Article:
But we could not be in fellowship (at the Lord's table) with our brethren in Pennypack and Philadelphia, because they did not hold to the laying on of hands, and some other particulars relating to a church; true, some of them believed in the ordinance, but neither preached it nor practiced it; and when we moved to Welsh Tract, and left twenty-two of our members at Pennypack, and took some of their members down with us, the difficulty increased. We had many meetings to compromise matters, but to no purpose, till June 22d, 1706; then the following deputies (naming twenty-five persons) met at the house of Bro. Richard Miles, in Radnor, Delaware County, Pa., and agreed

  • That a member of either church might transiently Commune with the other.
  • That a member who desired to come under the laying on of hands might have his liberty without offence.
  • That the votaries of the rite might preach or debate upon the subject with all freedom, consistent with charity and brotherly love.

But three years after this meeting we had reason to review the transaction, because of some brethren who arrived from Wales, and one among ourselves, who questioned whether the first article was warrantable; but we are satisfied that all was right, by the good effects which followed: for from that time forth our brethren held sweet communion together at the Lord's table, and our minister, Rev. Thomas Griffiths [sic], was invited to preach and assist at an ordination at Pennypack, after the death of our Bro. Watts. He proceeded from thence to the Jerseys, where he enlightened many in the good ways of the Lord, insomuch that, in three years after, all the ministers and about twenty- five private members had submitted to the ordinance."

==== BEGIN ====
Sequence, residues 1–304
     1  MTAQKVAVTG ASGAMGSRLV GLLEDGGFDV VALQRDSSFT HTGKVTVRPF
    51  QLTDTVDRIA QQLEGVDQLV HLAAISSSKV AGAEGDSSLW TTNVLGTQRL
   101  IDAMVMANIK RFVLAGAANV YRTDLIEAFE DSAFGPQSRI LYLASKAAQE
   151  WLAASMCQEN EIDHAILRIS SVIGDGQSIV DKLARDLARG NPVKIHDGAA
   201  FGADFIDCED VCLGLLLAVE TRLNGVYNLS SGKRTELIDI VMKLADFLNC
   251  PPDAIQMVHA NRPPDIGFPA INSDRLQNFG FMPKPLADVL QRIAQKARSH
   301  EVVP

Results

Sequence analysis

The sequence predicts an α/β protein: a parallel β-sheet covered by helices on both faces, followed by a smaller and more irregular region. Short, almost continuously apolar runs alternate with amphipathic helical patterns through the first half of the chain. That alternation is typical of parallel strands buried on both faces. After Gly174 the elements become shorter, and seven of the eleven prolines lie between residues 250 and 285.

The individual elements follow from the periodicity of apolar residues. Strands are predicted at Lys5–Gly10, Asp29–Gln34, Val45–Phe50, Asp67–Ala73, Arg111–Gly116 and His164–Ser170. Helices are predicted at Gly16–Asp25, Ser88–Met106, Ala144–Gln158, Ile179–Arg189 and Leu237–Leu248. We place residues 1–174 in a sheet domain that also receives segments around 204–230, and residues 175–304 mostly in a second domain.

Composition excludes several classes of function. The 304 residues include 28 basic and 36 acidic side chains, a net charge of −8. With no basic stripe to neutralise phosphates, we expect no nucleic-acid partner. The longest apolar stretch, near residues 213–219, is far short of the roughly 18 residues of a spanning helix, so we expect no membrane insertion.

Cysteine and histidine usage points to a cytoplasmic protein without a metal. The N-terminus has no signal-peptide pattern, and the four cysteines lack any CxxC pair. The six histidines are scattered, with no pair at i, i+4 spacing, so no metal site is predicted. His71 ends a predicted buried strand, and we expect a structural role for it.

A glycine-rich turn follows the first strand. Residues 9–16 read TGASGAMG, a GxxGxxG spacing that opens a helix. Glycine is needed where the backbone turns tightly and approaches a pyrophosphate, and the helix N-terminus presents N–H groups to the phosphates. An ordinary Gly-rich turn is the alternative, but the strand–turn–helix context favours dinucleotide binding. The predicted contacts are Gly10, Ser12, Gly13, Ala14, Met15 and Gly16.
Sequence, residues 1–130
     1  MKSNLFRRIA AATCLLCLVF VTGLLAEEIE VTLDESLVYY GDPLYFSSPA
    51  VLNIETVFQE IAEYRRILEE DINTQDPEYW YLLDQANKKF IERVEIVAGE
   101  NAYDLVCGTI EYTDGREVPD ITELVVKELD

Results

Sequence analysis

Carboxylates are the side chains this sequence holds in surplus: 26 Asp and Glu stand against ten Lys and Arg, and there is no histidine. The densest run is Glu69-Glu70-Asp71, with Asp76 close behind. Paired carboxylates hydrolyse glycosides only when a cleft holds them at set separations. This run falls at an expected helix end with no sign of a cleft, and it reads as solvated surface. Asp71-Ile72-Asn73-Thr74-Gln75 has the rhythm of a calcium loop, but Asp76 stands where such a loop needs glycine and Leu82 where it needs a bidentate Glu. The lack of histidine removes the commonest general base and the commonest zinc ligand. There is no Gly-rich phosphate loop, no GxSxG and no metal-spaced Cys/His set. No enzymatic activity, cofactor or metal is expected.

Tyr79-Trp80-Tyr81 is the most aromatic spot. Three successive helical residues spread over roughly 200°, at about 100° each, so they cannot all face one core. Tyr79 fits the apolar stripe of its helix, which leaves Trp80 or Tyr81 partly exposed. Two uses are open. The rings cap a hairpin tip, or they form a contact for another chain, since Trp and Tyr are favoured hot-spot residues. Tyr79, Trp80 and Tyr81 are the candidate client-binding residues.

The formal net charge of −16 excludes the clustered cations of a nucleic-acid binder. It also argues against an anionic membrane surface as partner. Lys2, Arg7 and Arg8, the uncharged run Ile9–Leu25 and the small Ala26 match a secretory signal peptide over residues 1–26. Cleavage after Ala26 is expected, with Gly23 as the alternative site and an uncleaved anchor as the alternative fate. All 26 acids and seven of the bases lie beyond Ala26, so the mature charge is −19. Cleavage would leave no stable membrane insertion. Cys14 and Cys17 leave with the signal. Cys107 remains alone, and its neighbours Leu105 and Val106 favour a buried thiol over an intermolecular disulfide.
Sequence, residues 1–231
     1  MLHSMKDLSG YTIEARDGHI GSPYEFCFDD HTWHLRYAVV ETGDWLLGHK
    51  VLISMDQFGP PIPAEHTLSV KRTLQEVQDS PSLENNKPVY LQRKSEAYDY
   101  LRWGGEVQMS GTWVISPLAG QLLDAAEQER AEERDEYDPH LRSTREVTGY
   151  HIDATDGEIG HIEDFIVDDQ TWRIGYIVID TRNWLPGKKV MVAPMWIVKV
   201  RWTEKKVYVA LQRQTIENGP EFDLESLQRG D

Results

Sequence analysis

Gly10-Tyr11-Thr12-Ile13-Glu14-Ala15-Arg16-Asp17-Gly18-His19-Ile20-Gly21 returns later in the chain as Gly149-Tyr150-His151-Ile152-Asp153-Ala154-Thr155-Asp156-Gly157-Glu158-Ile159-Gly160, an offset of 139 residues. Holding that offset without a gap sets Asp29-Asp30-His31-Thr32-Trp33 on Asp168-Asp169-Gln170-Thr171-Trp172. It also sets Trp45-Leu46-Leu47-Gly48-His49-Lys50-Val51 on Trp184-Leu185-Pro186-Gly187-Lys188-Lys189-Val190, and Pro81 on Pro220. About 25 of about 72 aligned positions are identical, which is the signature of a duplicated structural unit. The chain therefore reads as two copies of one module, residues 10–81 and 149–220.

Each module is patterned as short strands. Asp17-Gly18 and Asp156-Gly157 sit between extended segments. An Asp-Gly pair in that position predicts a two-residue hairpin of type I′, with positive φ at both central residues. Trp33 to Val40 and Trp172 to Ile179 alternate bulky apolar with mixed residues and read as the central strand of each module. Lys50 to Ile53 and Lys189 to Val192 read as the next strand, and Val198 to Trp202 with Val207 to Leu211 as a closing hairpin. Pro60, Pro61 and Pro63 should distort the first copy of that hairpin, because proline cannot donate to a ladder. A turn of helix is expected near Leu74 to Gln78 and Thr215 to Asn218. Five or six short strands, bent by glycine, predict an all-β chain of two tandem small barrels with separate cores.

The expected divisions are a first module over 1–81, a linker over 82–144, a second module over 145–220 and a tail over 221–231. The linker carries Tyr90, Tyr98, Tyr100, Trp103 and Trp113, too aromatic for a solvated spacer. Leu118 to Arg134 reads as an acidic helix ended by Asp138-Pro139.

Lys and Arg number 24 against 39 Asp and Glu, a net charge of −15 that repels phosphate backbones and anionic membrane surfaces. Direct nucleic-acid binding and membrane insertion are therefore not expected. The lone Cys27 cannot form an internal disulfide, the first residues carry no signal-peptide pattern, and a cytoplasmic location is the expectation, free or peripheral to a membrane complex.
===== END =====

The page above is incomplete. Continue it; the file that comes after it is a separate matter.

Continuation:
Because of the discomfort created with the other Baptists in Pennypack over the Welsh practice, the Welsh Baptists soon decided to seek a new home. In 1703, they purchased 30,000 acres in New Castle County, Delaware, near what is now known as Newark, Delaware, deeded by William Penn in the 1680s to three Baptists: David Evans, William Davis, and William Willis. Known as the Welsh Tract, it included Iron Hill and reached all the way to its northern slopes, now part of Interstate I-95. A small meeting-house was erected on the property, and the community became known as the "Emigrant Church", in part because of the then-unusual practices of laying of hands and singing of psalms. This church stood until it was replaced with a new edifice, built in 1746. Thomas Griffith served as the first pastor of the church until he died on July 25, 1725, aged eighty years.